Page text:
November 2, 2023
BEIJING – Public, social organizations urged to contribute to management, utilization
Legislators have suggested social organizations work with cultural relics protection and utilization teams while mulling revisions to a draft law, in a bid to advance the sustainable development of traditional Chinese culture.
The suggestion was forwarded after the draft amendment to the Law on the Protection of Cultural Relics was submitted to the Standing Committee of the National People’s Congress, China’s top legislature, on Oct 20 for first review.
While allowing academies and news outlets to enhance public awareness to protect relics, “it’s also essential to add some provisions in the draft to encourage social efforts to protect and utilize cultural relics”, said Fu Caixiang, a member of the NPC Standing Committee.
“China has more than 760,000 immovable cultural relics — a large number — and they’re widely distributed across the country,” she said. “Some are State-owned and some are under individual ownership, meaning difficulty in management and protection.
“The lack of financial resources for a few local governments and the weakness of grassroots protection have led to the collapse and disappearance of many cultural relics,” she said.
The legislator called for more social organizations to participate in relics protection and utilization, suggesting the country provide subsidies for them in joint management, with rewards for those who perform better in this regard.
Tang Weijian, another member of the NPC Standing Committee, agreed with encouraging social efforts in relics protection, adding that the encouragement should be written into the draft as a principle.
“Every walk of life needs to participate in promoting the sustainable development of fine traditional Chinese cultures, so it’s necessary to clarify the need in law, requiring the public to jointly protect relics and figure out their value,” he said.
As some collectors are able to adequately manage and protect their relics, lawmaker Zheng Weiping suggested the country support them and set up venues for exhibitions to help more people understand the history behind the relics and realize their value.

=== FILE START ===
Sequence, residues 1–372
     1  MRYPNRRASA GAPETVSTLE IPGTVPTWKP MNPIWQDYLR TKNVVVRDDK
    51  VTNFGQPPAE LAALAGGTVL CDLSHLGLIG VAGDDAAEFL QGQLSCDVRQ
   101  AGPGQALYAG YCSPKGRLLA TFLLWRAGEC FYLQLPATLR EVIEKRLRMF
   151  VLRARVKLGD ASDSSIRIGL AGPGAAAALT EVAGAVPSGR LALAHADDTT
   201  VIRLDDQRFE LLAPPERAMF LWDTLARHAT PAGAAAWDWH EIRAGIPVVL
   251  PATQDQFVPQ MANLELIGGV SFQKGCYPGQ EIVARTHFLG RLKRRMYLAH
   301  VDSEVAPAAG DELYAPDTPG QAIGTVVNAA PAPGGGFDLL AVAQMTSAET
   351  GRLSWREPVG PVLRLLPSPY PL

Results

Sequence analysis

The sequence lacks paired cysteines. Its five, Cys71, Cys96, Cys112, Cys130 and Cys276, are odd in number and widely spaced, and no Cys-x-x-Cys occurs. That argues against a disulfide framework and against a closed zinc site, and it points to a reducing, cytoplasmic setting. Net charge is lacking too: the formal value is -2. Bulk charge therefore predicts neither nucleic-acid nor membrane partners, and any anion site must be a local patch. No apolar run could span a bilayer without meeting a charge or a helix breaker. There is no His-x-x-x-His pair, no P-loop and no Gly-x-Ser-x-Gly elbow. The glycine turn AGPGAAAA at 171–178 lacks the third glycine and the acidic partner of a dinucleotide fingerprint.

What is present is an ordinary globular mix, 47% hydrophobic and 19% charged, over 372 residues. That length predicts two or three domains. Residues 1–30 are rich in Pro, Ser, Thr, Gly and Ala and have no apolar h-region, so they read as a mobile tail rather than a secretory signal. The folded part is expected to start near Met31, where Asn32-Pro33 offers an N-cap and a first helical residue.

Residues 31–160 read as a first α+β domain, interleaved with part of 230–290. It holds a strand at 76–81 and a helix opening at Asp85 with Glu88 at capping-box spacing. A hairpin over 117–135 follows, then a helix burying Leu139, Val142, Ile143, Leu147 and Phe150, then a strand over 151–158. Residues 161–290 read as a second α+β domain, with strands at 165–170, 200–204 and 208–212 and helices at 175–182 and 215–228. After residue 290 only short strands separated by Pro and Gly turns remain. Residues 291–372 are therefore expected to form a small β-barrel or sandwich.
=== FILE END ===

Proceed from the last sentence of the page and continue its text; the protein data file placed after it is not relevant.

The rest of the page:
During the discussion on the draft, several legislators pointed out that strong protection should be expanded to more fields, in addition to ancient tombs, murals, stone carvings, ancient buildings and historical works of art.
Fu said that some content concerning the research of deep-sea archaeology needed to be added to the draft, “as our country has 3 million square kilometers of sea area, where there are many deep-sea cultural relics”.
Xiong Yuanming, a member of the NPC’s Ethnic Affairs Committee, highlighted the significance of strengthening the protection of ancient books and documents, suggesting more specific rules for their protection, restoration and utilization in the draft.
The current Law on the Protection of Cultural Relics was enacted in 1982.
“Amending it this time is to solve new problems regarding cultural relics protection and management in the new era,” Hu Heping, minister of culture and tourism, said while explaining the draft revision to national legislators.
According to the draft, punishments for those who damage cultural relics will be increased, “as we hope to crack down on destroying relics more effectively in this way”, he added.
In the draft, for instance, people who start construction work without taking measures to protect immovable cultural relics, and which results in damage to the relics, will face fines of up to 1 million yuan ($137,000), adding that the maximum fine for departments or companies in such situations is expected to reach 10 million yuan.